Church, there also came, in the forties, a newly awakened 
interest in sdence, and somewhat less preoccupation with the 
problems of theology. This interest centered naturally 
wound Swedenborg's scientific works and their relation to 
&e science of the world. In England the Swedenborg Asso- 
:iation was formed under the leadership of such men as 
Dr. James John Garth Wilkinson for the purpose of trans- 
lating and publishing these practically unknown works of 
Swedenborg. Dr. Wilkinson may well be called the first 
Swedenborgian scientist in England, for he not only trans- 
lated the Regnwn Awmde, and other works of Swedenborg, 
DUt also wrote several highly original works of his own, such 
is The Phvsics of Human Nature* and The Human 


in which he treats the science of anatomy and physiology 
in relation to Revelation in a thoroughly Swedenborgian 
way. For years he was dissatisfied with the orthodox medi- 
cal theory in which he had been educated, and finally adopted 
the new theories of Homeopathy. He wrote a Life of Swe- 
denborg in which he takes a decidedly liberal view of the 
great Seer's life and teachings. This made him unpopular 
with the English New Church, of which he was not a mem- 
ber, being on prindple a non-separatist. He was the only 
Swedenborgian of his day in England of high standing in 
the scientific and literary world5 and had many connections 
and close personal friendships among the literary leaders of 
America, such as Emerson, James, Greeley, Brisbane, and 
Dana. 82 

In America this interest in the scientific works of Sweden- 
borg first appeared in Bath, Maine, where a small group 
under the leadership of Zina Hyde cooperated with Otis 
Clapp of Boston in the publication of some of these works. 
Unfortunately they were unable to get any support from the 
Convention, and the project was abandoned. 83 The next 
group to take up the scientific works was the Academy group, 
who from the start took a somewhat high-handed attitude 
toward the science of the day. They were inclined toward a 
belief in Swedenborg's infallibility as a scientist as well as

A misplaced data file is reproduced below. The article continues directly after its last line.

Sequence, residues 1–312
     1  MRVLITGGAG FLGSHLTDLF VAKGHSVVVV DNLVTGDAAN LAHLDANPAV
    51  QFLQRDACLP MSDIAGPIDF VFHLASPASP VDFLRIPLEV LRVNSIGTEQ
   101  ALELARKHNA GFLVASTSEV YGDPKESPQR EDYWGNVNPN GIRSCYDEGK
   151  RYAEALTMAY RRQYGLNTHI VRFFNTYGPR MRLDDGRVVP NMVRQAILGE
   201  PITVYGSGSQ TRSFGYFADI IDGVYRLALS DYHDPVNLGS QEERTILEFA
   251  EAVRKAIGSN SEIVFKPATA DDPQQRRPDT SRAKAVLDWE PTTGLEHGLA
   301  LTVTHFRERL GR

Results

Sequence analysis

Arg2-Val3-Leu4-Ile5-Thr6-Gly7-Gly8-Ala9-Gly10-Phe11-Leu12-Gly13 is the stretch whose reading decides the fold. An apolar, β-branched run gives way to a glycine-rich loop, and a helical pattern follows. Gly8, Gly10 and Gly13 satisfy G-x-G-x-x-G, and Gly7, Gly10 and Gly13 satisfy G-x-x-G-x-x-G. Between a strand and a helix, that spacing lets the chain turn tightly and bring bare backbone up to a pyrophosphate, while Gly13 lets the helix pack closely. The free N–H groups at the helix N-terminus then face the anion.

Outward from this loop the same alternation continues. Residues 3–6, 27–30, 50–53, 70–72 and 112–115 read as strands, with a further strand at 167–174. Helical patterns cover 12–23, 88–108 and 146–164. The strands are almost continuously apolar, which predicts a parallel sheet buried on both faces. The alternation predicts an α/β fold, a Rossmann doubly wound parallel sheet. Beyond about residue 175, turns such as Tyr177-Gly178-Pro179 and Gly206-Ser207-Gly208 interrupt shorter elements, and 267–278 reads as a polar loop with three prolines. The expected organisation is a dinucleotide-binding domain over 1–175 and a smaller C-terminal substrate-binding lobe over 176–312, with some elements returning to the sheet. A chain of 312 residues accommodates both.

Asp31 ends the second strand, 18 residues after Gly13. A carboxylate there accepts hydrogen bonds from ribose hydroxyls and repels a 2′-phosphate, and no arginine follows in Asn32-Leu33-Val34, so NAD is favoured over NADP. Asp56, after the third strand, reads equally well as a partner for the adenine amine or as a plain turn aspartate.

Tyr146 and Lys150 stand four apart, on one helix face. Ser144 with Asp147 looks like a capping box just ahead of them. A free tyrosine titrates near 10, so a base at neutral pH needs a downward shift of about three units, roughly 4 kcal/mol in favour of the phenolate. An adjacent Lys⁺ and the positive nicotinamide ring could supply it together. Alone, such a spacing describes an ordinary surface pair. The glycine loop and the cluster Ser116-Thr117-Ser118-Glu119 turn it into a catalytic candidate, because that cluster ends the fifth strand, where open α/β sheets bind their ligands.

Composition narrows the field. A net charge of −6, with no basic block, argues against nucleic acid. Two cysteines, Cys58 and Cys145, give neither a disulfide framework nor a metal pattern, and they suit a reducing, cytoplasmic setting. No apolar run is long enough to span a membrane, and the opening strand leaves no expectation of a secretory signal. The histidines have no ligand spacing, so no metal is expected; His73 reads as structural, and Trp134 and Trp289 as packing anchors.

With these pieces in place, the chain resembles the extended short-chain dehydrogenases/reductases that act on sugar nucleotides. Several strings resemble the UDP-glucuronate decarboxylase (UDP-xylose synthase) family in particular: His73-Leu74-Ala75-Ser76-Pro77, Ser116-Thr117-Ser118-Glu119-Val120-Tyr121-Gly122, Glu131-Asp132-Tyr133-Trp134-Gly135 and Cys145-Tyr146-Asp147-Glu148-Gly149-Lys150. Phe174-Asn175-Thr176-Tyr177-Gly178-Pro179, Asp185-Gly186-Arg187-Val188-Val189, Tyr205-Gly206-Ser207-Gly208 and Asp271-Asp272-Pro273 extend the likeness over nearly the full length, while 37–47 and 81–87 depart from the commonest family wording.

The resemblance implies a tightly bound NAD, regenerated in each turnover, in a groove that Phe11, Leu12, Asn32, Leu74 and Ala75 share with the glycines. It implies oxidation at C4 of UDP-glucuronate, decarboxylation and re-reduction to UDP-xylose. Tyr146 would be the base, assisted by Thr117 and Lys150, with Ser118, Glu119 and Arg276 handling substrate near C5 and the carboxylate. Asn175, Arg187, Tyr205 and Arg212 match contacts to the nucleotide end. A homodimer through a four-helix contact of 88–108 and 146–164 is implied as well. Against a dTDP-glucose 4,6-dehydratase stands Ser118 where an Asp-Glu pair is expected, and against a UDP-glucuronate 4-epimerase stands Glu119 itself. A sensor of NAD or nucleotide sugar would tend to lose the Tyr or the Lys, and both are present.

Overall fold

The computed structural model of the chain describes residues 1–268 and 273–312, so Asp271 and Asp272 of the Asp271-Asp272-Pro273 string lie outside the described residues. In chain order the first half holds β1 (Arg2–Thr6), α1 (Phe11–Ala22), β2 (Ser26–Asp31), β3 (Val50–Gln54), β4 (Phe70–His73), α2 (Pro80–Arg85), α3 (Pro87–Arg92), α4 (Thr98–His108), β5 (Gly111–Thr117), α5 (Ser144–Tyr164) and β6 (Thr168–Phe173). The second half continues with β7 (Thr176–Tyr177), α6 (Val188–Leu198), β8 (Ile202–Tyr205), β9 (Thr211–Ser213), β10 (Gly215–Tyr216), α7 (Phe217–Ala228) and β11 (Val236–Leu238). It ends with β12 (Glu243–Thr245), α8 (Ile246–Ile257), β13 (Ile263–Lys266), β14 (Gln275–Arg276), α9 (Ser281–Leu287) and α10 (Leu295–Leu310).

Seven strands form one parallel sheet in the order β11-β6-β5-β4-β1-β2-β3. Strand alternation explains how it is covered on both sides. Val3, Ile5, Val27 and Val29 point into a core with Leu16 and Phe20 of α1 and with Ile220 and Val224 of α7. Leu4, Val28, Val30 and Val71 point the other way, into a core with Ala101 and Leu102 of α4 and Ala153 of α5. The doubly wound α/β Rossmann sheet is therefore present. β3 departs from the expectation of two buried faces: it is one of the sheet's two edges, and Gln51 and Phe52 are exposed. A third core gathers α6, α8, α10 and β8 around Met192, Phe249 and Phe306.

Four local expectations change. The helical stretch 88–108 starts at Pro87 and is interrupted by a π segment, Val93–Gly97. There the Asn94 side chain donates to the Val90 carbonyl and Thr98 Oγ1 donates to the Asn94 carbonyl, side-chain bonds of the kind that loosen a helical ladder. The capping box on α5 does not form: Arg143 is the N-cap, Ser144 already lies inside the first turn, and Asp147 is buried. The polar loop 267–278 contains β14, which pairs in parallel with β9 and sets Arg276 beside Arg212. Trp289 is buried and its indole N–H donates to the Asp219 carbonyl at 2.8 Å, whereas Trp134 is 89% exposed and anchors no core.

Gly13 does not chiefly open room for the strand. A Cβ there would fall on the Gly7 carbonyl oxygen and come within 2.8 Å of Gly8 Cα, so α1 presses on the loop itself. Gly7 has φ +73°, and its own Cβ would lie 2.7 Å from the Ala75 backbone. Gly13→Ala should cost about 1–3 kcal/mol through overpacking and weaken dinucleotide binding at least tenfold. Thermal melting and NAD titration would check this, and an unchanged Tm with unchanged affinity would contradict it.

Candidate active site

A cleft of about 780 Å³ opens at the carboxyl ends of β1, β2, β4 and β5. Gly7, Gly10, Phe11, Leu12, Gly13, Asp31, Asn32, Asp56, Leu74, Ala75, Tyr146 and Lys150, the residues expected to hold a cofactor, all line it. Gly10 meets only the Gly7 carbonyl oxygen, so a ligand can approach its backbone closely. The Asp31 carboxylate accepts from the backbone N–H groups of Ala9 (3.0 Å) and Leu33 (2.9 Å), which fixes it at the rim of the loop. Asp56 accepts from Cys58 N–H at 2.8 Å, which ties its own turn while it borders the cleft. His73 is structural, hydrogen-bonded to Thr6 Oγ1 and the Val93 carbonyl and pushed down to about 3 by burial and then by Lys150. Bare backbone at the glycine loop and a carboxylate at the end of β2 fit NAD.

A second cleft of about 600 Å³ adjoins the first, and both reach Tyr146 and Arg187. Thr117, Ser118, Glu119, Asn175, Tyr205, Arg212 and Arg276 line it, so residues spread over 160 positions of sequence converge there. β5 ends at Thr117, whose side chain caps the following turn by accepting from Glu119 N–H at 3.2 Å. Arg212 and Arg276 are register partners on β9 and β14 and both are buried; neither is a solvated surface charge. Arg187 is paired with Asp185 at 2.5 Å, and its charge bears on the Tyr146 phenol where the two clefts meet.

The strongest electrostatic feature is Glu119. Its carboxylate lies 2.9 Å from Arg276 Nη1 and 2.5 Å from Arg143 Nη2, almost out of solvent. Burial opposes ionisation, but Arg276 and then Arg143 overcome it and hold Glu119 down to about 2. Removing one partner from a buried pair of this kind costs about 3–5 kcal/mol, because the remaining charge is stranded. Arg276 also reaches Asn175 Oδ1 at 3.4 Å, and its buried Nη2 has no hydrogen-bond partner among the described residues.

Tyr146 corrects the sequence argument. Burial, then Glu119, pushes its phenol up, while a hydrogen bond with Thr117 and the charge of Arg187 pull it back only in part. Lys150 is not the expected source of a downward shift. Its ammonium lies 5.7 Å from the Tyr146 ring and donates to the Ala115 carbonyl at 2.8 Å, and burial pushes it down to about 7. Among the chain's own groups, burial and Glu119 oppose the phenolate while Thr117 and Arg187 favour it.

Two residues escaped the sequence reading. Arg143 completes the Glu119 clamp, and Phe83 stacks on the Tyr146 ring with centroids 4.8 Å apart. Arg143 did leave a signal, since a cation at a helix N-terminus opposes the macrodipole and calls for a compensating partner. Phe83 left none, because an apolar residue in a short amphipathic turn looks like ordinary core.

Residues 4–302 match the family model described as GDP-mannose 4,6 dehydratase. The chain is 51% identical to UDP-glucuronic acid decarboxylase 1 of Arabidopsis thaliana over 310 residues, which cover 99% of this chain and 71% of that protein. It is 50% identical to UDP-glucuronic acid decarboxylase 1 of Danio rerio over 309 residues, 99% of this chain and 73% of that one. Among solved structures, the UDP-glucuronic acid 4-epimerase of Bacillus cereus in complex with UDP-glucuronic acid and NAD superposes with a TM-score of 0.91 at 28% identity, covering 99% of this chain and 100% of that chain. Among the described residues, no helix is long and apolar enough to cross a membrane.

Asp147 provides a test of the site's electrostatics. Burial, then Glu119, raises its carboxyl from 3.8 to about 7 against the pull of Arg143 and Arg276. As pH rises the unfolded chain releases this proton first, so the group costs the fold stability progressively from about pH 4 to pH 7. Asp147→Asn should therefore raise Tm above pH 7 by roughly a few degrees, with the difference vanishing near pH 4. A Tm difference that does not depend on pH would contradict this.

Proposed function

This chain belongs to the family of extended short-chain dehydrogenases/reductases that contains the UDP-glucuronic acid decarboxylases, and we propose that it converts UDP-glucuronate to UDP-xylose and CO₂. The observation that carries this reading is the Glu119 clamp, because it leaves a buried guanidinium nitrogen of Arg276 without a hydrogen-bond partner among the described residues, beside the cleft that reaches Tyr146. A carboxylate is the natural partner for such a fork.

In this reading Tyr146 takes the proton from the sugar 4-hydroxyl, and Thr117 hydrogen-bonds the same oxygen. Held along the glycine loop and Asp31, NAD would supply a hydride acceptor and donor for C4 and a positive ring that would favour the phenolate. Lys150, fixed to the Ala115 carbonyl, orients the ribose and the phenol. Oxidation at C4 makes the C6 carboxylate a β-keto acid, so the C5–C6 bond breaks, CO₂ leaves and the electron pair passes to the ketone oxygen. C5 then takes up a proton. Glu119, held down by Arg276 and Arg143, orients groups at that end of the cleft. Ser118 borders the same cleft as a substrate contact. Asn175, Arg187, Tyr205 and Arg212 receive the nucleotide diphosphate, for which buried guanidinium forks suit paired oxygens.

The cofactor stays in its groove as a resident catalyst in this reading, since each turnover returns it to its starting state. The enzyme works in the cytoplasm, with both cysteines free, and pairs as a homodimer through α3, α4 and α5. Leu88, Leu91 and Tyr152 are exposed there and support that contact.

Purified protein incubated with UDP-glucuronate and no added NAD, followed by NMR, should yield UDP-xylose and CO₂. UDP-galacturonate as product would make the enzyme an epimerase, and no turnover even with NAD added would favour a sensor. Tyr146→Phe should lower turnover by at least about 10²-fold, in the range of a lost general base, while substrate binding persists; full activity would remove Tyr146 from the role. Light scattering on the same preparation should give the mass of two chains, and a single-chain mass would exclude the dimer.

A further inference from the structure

a theologian. This attitude is expressed in an article, in 
Words for the New Church in 1879, called "Science in the 
Light of the New Church": "The New Church has no conflict 
with true Science but is in full harmony with it and rests 
upon it. Much of the Science of the present day, however, 
is so filled with Naturalism that it does not acknowledge 
Divine Revelation and comes into direct conflict with it. We 
must therefore distinguish between true Science and that 
which is false. Physiology stumbles at the very initiament 
of fecundation and Botany introduces the fallacy that plants 
are male and female, possessing organs, which are compared 
to the generative parts of animals of both sexes. Sweden- 
borg, presenting us with the true state of things, teaches that 
plants are all male, the earth only, being female." 8 * The 


same point of view is reiterated in the New Church Life al- 
most twenty years later: "Modern Science not only does not 
begin with the Lord, nor seek to confirm the celestial and 
spiritual things of the Church, but questions whether there 
be such things. Swedenborg says that through scientifics 
man can be wise or insane. He is wise through scientifics 
when by them he confirms the truths and goods of the 
Church, and he is insane by scientifics when by them he 
weakens or refutes the truths of the Church." 85 

The question of the infallibility of Swedenborg's "scien- 
tifics" became a sharp issue in the Academy. When the 
question arose in the Assembly in 1899 it was decided that 
he was not infallible in the beginning, before his revelations 
began, that his science was the science of his day and there- 
fore faulty, and that he had grown in illumination. 36 But 
the opposite attitude was taken by a group called the Prin- 
cipia Club, under the leadership of an extraordinary woman, 
Miss Lillian Beekman, a recent convert and teacher in the 
department of science. They found that the scientific works 
of Swedenborg were infallible, but that their truth could 
only be discovered by a process of "interior thought." Miss 
Beekman wrote some very interesting books, among them, 
The Kingdom of the Divine Proceeding, and The Kingdom 
of the Divine Returning, which were used as text books in 
the Academy Schools. A controversy on the subject between 
the Principia Club and the Academy liberals appeared in the 
New Church Life in 1903. Prominent among the liberals 
was Alfred H. Stroh, a graduate of the Academy, who was 
sent to Sweden in 1902 in connection with the project of 
phototyping the Swedenborg manuscripts, translating and 
publishing the scientific works, and research work in the 
documents relating to his life and writings. On his return 
in 1903 Mr. Stroh taught for two years in the schools. His 
researches in Sweden had convinced him that the extreme 
position held by the Principia Club was untenable, that 
Swedenborg's thought showed a perfectly normal develop- 
ment, and that his science and philosophy showed unmistak- 
ably the influence of Descartes, Newton, Locke, Leibnitz, 


Wolff, and Aristotle. In other words, his science and philos- 
ophy were perfectly normal products of the human mind 3